Hey gang….it turns out that this week has been all but impossible in terms of producing a full-blown Notebook for the Dallas game. My apologies. However, I did want to pass along some Mr. Numbers Nerd research I had done for it, lest it all go to waste. Besides, I know you’ve got a lot of other reading to do, what with the unrelenting onslaught of articles discussing such topics as:
* Has soccer finally made it in America?
* Will soccer ever make it in America?
* How to fix soccer so it has any chance of making it in America.
* America likes soccer way too much, so America is a morally decaying nation of un-American Americans ruining America for real Americans.
* Something Landon Donovan did or didn’t say, within or without context.
* Tim Howard is an American hero and is great at the using-his-hands position because he is an American and Americans use their hands at sports.
* Imagine how much further the USA’s World Cup team would have advanced if, like, LeBron James and Mike Trout and Calvin Johnson and California Chrome all played soccer.
So give your eyes a break and read only 750 words instead of the usual 3,000-ish.
MR. NUMBERS NERD: CERO A CERO EDITION
Sunday’s result meant the Crew have tied their last two regular season games by a 0-0 score. That is only the second time in club history that the Crew have played back-to-back double shutouts in MLS action.
June 7 at D.C. United
June 29 vs Dallas
April 7 vs New York
April 14 at Salt Lake
As you can see, the Crew accomplished the 2007 feat on consecutive weekends. The 2014 version is a little different since the Crew won 2-1 and lost 4-2 in a pair of Lamar Hunt U.S. Open Cup tilts in between their regular season 0-0 games.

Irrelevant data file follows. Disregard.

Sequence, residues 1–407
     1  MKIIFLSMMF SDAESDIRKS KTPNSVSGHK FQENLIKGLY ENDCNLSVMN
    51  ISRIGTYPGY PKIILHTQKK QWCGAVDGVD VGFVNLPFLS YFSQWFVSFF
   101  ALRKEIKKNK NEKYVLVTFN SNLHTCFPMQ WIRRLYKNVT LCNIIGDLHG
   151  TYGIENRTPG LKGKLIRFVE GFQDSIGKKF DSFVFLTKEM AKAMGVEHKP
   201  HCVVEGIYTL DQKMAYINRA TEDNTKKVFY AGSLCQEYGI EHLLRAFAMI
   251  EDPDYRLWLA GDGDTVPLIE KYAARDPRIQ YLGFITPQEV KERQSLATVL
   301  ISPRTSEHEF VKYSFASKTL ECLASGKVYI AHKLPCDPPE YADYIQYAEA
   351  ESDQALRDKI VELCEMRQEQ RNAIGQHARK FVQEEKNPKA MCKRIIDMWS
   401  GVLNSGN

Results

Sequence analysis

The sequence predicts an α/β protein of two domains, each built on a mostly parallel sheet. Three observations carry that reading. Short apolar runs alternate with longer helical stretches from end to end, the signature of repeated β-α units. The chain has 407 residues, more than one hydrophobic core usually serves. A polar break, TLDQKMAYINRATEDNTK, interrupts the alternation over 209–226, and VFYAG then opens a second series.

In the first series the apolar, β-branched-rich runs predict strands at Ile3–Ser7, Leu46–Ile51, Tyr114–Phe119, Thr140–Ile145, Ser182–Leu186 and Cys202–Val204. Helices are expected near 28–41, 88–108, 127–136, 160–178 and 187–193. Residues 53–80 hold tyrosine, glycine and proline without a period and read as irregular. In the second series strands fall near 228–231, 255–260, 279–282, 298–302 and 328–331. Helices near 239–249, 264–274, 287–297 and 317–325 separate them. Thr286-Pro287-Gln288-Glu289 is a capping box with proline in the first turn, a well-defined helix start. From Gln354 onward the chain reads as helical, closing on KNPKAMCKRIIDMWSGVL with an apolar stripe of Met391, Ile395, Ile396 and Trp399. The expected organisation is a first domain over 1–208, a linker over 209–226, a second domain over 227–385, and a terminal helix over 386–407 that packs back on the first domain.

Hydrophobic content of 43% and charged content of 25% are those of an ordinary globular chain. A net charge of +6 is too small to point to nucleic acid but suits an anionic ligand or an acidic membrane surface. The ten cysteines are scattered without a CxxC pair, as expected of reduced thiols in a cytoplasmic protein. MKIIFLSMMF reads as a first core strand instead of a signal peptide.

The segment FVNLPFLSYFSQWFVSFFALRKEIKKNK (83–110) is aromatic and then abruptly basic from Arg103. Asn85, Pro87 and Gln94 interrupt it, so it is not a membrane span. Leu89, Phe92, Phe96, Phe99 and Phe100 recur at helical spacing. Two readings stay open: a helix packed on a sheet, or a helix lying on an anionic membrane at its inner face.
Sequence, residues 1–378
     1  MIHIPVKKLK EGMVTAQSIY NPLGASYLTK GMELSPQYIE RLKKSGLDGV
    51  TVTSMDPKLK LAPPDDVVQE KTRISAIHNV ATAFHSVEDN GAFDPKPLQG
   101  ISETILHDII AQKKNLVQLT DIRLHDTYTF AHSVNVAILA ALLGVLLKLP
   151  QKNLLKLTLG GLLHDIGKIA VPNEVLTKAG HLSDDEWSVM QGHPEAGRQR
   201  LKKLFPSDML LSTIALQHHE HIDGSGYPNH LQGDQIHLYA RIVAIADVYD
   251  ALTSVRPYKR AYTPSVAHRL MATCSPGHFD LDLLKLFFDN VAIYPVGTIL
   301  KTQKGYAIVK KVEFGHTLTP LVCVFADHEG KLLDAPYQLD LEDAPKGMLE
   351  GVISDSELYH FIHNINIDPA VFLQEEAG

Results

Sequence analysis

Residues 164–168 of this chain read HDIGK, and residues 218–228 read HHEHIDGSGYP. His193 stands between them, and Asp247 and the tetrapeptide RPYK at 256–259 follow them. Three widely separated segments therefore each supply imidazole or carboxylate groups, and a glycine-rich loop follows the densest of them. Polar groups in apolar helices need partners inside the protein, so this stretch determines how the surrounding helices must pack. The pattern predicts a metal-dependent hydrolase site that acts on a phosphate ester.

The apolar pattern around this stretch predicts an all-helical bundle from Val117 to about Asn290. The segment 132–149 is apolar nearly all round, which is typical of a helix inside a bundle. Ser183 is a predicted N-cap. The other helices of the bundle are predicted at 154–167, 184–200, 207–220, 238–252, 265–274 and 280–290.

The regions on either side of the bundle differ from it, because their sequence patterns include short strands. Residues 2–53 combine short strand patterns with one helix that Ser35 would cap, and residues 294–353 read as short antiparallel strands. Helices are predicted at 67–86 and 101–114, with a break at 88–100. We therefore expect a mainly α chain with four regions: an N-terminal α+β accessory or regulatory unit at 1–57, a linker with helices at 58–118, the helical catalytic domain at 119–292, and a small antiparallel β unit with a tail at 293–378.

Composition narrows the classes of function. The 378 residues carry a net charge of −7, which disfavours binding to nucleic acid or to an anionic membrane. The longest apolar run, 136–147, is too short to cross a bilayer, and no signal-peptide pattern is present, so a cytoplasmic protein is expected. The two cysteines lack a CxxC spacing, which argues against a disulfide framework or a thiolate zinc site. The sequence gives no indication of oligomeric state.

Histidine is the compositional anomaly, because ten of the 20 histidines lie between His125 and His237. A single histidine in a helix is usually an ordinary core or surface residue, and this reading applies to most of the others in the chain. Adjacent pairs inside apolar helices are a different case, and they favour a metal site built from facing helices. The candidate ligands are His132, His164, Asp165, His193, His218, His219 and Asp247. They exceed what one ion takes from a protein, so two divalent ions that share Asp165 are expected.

Before digging even deeper into this subject, I am going to carefully word this as “scoreless soccer games.” I have to do this because from 1996-1999, tie games were decided by shootouts. That means that after a scoreless draw, a winner and loser would be declared and go into the record books as a winner or loser, unlike international soccer, where shootout games are still officially recorded as draws. This means from 1996-1999, these games were not technically recorded as 0-0 draws. (Even though they were in terms of soccer.) So in order to keep an apples to apples comparison, I will go with the semantically correct “scoreless soccer games.”
Sunday marked the 31st regular season scoreless soccer game in the Crew’s 17.5 season history. Some tidbits….
Most by year:
Three: 1999, 2004, 2010, 2011
Years with zero scoreless regular season soccer games:
Now here’s where it gets crazy. Now in its 16th season, Crew Stadium has hosted 11 scoreless soccer games in regular season play. That’s 11 in 240 regular season games to date, meaning just 4.6 percent of games in Crew Stadium’s history. The opponent in FOUR of those games? The opponent in 36.3 percent of the 4.6 percent? Of course, it’s last Sunday’s opponent, Dallas.
Scoreless soccer games at Crew Stadium by opponent:
New York, San Jose: 2
Miami, New England, Tampa Bay: 1
(FYI: Tampa Bay was the opponent for the only one at Ohio Stadium.)
Dallas has played 19 games at Crew Stadium, meaning they have played the Crew to a scoreless draw in slightly over 21 percent of those encounters. Good times.
The Crew have never had three scoreless games in a row, but they are heading to one of their most likely locales for a 0-0 road result. We’ll see what happens Friday night in Colorado.
Most scoreless soccer games on the road, by opponent:
Chicago, Colorado, New England: 3
Most overall scoreless soccer games by opponent:
New England: 4
Chicago, Colorado, New York: 3
Teams the Crew have never played a scoreless regular season soccer game against, ranked by times played:
Kansas City: 50
The Kansas City mark looks amazing, but the Crew and D.C. United played their very first 0-0 game last month. It was their 59th all-time regular season meeting, so the Crew and Sporting KC still have some work to do to break that mark. Coincidentally, the Sporks are the Crew’s next home opponent on Wednesday, July 16, at 7:30pm.